Outdoor fitness at Thames Barrier Park

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What’s new in the Royal Docks?

From book clubs and homemade cake to public art and a brand-new Thames Clipper stop, there are plenty of new places to explore in the Royal Docks in 2020. Here are some arrivals to enjoy this January.

Food and drink: snacks, brunch and a family pub

Did someone say snacks? We love to see a tasty new food option: Nik and Debs’ Snack Shack has opened in North Woolwich. Recent reviews say lovely things about the homemade cake, and you don’t have to tell us twice. We’re also thrilled to see that the Royal Standard pub on Albert Road has reopened. The pub is now under new management and it’s had a family-friendly makeover.

Over in Royal Wharf, two new spots have been garnering good feedback. Little Hudson Cafe was founded by locals inspired by the New York brunch scene, but luckily they’re open in the evenings too. The neighbourhood is also now home to a branch of the coffee specialists, Triple Two.

Brunch galore

Little Hudson Cafe serves a New York-inspired menu, and hosts pizza nights on Saturday nights between 6pm–10pm.

Activities: fitness, singing, adult ballet, and more

Outdoor social fitness company One Element has launched in Thames Barrier Park with the aim of getting people moving and chatting at the same time. The idea is that would-be fitness enthusiasts are more likely to stick to the exercise plan when training in a group. You can even book a free trial to decide if it's for you; take a pal with you for extra social points.

Royal Wharf has a whole new venue; there’s a host of events happening at Royal Wharf Community Dock. The events programme ranges from singing lessons to book clubs, adult ballet classes and soft play time for the kids. It’s a really diverse series, and we can't wait to see what else they've got planned.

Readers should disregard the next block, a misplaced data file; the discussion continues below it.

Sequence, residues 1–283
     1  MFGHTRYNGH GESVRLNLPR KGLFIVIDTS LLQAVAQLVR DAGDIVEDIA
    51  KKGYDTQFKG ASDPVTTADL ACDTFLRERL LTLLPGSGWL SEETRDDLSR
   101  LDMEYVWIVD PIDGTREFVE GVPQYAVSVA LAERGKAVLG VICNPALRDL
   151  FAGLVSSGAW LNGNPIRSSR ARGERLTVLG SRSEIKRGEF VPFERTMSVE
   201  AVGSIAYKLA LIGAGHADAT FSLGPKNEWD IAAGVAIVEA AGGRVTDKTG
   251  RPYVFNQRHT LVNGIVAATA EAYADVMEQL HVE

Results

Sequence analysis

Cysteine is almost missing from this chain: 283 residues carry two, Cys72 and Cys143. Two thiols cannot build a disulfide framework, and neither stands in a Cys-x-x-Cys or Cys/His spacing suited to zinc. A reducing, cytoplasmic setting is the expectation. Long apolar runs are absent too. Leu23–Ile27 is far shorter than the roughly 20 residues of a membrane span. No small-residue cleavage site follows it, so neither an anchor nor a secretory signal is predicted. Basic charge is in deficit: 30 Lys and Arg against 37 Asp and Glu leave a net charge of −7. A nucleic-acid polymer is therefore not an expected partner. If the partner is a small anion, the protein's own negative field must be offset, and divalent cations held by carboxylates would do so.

Runners at Thames Barrier Park

Group motivation

Join One Element in Thames Barrier Park for social and fun (no, really) fitness classes. Photo: Kiron Ponnath.

Transport and public realm: boat service and benches

Now you can catch the Thames Clipper from Royal Wharf Pier. The Clipper route has been extended to include the extra stop between Woolwich and North Greenwich and it’s hands down the most fun and picturesque way to travel into central London.

For cargo ships, Peruvian Wharf in Silvertown has re-opened to water traffic after 20 years. 400,000 tonnes of goods are expected to pass through every year, taking 20,000 lorries off London’s streets.

There are also not one but five new places to perch in the Royal Docks, thanks to our Pews and Perches collaboration with the London Festival of Architecture. Designers drew inspiration from buoys on the water, the maritime alphabet and even the docks’ ventilation ducts.

Pews and Perches

Work by talented emerging designers is making the Royal Docks a better place to stop and admire the view. Photos: Luke O’Donovan.

A jogger running past The Crystal

Public art: murals and installations

The Royal Docks public art programme got off to a striking start this September with four bold murals by Jessie Brennan. But that wasn’t all. Anyone passing through Caxton Works will have noticed the arrival of what appears to be a postbox with a knot in the middle of it. The Alphabetti Spaghetti series is by Alex Chinneck, and the work will be here permanently as a surprise for unsuspecting visitors.

Finally, over in Royal Albert Wharf, Enni-Kukka Tuomala has installed Newham for Empathy, a work that allows viewers to step inside it and see the world through someone else’s eyes.

Alex Chinneck's Alphabetti Spaghetti Caxton Works

Alphabetti Spaghetti

Just don’t expect Royal Mail to pick anything up from here. Photos: Marc Wilmot.

And you?

Here we have it: a range of new things to do, cafes to try, and boats to catch. But what about people? New residents have been moving into the Royal Docks throughout last year. This January, we’d like to hear your story, so drop us a line if that’s you.